The #1 reason why people categorized as reviewers don't leave a review: they didn't like the book. Many reviewers make it a policy not to review books they don't finish and to not leave a review if they are going to give a book less than 2 stars (and, quite frankly, this policy is, in and of itself, a review of a sort. If someone takes your book on NetGalley and doesn't leave a review, you can assume this means they didn't like it/it's a one-star rating (see next paragraph). The next most frequent reason is that the book expired off of NetGalley and the reviewer's e-reader before the reviewer could read/finish the book (the author choose "expiring DRM" in the NetGalley application) and they literally can't read the book to review it.

We do see reviews continue to come in for up to a year after a book has been on NetGalley, which tells us that reviewers do their best to review the books they accept - sometimes it just takes a while. In general, between the integrity of those who use NetGalley and the committee's efforts to ensure "book vacuums" (those who suck up a lot of free books without reviewing them) are not approved for books, we find that most reviewers on NetGalley do review the books they take.

Average Star Rating

And last, but not least, we find that on average, the books we posted to NetGalley receive 3.7 stars (and the mode/most frequently given rating is 4 stars). The #1 fear of using NetGalley we hear from authors is that NetGalley is full of trolls who just give low star ratings to all books. This is obviously not true. The reviewers on NetGalley are providing honest and thoughtful feedback, and, in general, most books we post there do very well, receiving a range of ratings (which can be expected). We've had authors complain to us that they felt their book was being targeted by trolls after they received 1 or 2 two-star or less ratings. We have NEVER had a situation where a book was targeted by trolls on NetGalley. In those instances where authors felt this way, their books had also received other, higher ratings, as well (and the higher ratings outnumbered the low ratings). The fact is, not everyone is going to love your book. Yes, you will most likely receive some low star ratings as well as high ones on NetGalley - THIS IS ENTIRELY NORMAL and not the work of trolls.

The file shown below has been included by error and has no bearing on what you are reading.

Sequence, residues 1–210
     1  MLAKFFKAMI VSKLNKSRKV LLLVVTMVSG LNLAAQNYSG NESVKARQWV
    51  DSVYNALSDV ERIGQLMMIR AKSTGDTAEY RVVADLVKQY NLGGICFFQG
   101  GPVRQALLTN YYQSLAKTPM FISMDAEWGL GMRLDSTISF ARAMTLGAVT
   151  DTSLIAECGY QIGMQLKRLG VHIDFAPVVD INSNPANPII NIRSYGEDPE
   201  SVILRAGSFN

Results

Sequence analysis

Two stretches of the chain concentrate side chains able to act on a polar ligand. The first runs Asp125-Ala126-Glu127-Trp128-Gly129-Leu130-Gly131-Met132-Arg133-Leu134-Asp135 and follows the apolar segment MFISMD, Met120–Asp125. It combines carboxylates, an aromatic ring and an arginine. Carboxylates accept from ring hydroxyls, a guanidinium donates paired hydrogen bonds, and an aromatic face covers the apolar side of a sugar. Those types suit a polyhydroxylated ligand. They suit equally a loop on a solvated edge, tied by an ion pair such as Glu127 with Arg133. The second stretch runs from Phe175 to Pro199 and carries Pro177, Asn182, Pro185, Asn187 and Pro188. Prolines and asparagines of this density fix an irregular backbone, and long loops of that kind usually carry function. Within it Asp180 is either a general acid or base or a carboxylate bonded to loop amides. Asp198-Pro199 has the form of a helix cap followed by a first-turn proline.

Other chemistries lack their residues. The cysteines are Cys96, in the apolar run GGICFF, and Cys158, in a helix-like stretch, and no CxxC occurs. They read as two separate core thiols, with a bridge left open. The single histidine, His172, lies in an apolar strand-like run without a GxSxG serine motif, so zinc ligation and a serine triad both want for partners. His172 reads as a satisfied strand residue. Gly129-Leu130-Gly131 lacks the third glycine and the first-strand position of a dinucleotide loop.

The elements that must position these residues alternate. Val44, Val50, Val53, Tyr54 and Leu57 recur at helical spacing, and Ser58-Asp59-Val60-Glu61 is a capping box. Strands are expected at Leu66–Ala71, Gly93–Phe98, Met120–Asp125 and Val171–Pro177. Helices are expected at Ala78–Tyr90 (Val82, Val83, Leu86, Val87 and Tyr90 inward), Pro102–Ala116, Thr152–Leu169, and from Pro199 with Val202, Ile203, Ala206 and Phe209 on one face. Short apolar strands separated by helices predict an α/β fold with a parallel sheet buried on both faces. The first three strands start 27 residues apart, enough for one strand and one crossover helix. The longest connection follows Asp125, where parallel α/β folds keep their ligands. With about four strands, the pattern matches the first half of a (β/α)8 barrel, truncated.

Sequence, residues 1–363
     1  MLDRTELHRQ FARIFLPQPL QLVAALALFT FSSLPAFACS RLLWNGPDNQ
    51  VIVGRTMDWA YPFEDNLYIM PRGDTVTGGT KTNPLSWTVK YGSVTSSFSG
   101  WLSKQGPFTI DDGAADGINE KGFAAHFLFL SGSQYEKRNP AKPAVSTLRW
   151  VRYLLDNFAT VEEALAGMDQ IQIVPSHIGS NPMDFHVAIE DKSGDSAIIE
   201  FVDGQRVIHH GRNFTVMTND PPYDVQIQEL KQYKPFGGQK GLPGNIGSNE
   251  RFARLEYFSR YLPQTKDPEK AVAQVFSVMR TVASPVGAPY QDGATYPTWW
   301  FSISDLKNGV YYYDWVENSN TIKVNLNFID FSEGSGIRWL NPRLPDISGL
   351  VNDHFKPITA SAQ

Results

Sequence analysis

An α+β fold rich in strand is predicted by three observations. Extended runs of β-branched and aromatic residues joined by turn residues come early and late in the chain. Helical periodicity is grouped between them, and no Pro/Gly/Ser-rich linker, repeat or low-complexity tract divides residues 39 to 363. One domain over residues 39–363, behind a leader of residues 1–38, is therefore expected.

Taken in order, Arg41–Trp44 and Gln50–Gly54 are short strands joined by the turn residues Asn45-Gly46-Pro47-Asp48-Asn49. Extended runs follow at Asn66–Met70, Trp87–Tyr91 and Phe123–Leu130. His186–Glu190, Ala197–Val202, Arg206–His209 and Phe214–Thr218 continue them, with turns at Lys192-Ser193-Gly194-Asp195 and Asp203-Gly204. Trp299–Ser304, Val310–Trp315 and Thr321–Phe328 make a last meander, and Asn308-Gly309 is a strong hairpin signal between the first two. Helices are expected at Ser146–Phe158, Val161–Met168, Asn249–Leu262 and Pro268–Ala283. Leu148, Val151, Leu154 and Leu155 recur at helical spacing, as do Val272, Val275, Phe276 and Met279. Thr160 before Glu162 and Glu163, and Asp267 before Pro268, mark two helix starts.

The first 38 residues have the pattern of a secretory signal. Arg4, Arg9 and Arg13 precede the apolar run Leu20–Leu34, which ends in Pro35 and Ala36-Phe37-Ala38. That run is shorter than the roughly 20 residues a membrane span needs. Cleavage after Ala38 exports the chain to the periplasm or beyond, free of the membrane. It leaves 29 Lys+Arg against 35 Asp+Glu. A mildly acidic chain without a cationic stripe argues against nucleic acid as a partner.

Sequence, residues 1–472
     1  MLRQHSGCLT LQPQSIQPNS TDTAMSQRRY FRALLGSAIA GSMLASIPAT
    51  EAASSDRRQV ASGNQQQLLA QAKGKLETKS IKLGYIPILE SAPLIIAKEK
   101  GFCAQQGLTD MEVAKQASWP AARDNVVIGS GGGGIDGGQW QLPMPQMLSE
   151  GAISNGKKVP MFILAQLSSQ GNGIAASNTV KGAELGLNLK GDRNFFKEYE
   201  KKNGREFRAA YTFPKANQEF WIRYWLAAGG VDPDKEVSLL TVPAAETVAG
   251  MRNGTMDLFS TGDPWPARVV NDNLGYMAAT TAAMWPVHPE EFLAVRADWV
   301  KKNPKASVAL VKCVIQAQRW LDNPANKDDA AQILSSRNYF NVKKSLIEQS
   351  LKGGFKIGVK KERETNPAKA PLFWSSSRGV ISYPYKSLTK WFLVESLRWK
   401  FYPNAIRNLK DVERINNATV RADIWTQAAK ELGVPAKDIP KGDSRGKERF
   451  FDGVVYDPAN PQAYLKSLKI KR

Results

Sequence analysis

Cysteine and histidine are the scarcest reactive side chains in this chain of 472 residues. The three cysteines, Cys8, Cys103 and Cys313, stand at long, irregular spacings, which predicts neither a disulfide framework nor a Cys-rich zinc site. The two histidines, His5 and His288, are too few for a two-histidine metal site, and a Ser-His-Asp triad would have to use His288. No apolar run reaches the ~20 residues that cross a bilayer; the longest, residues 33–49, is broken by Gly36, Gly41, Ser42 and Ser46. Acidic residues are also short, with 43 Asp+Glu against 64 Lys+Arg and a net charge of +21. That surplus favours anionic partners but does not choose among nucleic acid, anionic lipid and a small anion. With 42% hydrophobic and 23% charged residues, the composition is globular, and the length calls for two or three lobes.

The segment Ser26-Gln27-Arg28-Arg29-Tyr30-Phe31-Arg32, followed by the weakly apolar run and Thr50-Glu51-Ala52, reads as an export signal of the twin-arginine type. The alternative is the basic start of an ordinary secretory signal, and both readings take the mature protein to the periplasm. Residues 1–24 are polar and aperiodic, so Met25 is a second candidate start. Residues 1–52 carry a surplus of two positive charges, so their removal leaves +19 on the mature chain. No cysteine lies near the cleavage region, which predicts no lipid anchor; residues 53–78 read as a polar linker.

Conclusion

In short, is it worth it?

YES.

YES!!!

HELL YES!!!!!!!!!

For $30 per book per month, you can increase the visibility of your book to reviewers, bookstores, and librarians, gain invaluable feedback about the effectiveness of your book's cover and description/back cover blurb, increase your number of reviews/get feedback on your book's content, and network with/create long-term relationships with book reviewers and bloggers who may help support and promote you and your books far beyond this one review.

Hell yes, it is very worth it.

Demand for NetGalley slots has once again increased, and we are now starting to sell out each month's slots and sell them out a month or two in advance, so, as always, we encourage you to sign up for desired slots as early as possible. Instructions and the application are on the Broad Universe website.

Terri Bruce on behalf of the BU NetGalley Committee